7.71 It is proposed to allow a resident superannuation fund a credit for foreign tax paid on any part of the fund's net previous income referred to in new subsections 288A(2) and 288B(2) provided the foreign tax is paid by the trustee in the current year of income (as defined in those subsections) or any subsequent year of income [items 19, 20, 25 and 26] . A credit will be allowed for any foreign tax paid, up to the amount of Australian tax payable by the fund.

For CGT purposes, what will happen if an asset, included in the fund's assessable income under new subsections 288A and 288B, is disposed of?

7.72 If an amount would be assessable under the CGT provisions to a taxpayer that is the trustee of a superannuation fund as a result of the disposal of an asset (the notional capital gain ) and the market value of the asset was taken into account in determining the fund's net previous income in respect of previous years of income under new sections 288A or 288B , then to prevent double taxation the amount of the capital gain calculated may be reduced or extinguished.

7.73 If the notional capital gain of the asset exceeds the amount that would have been included in assessable income as a capital gain if the asset had been disposed of for its market value at the time of calculating the fund's net previous income in respect of previous years of income , then the excess is assessable under the CGT provisions.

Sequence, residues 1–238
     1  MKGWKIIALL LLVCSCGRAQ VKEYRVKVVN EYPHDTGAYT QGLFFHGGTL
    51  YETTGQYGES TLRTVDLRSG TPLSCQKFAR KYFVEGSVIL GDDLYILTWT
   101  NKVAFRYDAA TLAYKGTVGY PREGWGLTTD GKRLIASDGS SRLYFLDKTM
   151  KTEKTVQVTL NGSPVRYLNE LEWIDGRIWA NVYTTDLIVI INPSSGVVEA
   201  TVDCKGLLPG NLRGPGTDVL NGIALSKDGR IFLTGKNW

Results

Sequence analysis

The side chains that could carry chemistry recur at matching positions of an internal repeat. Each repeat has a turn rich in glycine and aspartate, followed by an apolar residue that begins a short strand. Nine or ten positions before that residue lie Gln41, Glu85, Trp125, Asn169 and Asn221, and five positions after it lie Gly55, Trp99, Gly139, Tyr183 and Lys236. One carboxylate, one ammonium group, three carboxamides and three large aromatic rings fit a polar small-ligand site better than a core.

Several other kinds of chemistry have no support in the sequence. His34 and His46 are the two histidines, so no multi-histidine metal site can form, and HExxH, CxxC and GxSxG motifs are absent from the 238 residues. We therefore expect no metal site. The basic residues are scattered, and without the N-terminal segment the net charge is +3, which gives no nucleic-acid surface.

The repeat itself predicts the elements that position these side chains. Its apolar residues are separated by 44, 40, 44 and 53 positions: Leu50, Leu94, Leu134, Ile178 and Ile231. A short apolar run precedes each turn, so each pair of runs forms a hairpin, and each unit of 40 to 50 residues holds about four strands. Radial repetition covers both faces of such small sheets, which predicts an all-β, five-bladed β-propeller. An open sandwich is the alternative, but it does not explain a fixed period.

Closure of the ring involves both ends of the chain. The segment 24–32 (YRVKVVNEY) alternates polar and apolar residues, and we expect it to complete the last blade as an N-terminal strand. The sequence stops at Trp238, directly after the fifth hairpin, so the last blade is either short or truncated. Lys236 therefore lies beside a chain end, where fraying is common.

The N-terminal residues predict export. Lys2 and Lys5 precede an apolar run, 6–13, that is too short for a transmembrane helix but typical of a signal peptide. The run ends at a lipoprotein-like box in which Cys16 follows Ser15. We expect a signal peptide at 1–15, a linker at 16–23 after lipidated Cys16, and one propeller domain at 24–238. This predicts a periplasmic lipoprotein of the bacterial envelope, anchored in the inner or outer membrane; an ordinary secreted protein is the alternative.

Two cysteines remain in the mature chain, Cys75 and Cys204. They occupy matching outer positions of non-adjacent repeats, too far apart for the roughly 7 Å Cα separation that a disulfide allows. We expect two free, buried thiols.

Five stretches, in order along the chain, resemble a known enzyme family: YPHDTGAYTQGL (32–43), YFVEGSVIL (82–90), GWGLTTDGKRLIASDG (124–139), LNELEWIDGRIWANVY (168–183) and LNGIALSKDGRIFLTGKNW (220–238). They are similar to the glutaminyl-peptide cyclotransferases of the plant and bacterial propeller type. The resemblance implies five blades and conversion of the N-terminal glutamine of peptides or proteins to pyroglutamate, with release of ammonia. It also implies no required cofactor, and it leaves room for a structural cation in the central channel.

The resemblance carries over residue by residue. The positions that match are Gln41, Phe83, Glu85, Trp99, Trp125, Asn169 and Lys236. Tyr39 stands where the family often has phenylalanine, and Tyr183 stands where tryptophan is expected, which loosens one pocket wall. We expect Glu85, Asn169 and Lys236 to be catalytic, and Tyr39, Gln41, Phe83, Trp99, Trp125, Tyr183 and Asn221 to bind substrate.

7.74 If the notional capital gain of the asset does not exceed that amount, then no amount is included in assessable income under the CGT provisions.

[Items 21 and 27 - new subsections 160ZA(4AA) and 160ZA(4B)]

Example 1

7.75 Grierson superannuation fund sells an asset for $1,000. For CGT purposes, the indexed cost base is $800. The market value of the asset that was taken into account in determining the fund's assessable income under new section 288A was $600. The amount that would have been included in the fund's assessable income as a capital gain if it had disposed of the asset at that time is $250.

7.76 The notional capital gain will be calculated as follows:

Disposal proceeds 1000
less Indexed cost base 800
Notional capital gain $200

7.77 The notional capital gain does not exceed the amount that would have been included in the fund's assessable income as a capital gain if it had disposed of the asset at the time of calculating the fund's net previous income in respect of previous years of income under new section 288A. Therefore, no amount is assessable under the CGT provisions.

Example 2

7.78 If in example 1 the indexed cost base was $400, the notional capital gain will be calculated as follows:

Disposal proceeds 1000
less Indexed cost base 400
Notional capital gain $600

7.79 The notional capital gain exceeds the amount that would have been included in the fund's assessable income as a capital gain if it had disposed of the asset at the time of calculating the fund's net previous income in respect of previous years of income under new section 288A . Therefore the amount that is assessable under the CGT provisions is $350 (that is, $600 $250).

What rate of tax will apply to assessable income derived by non resident superannuation funds?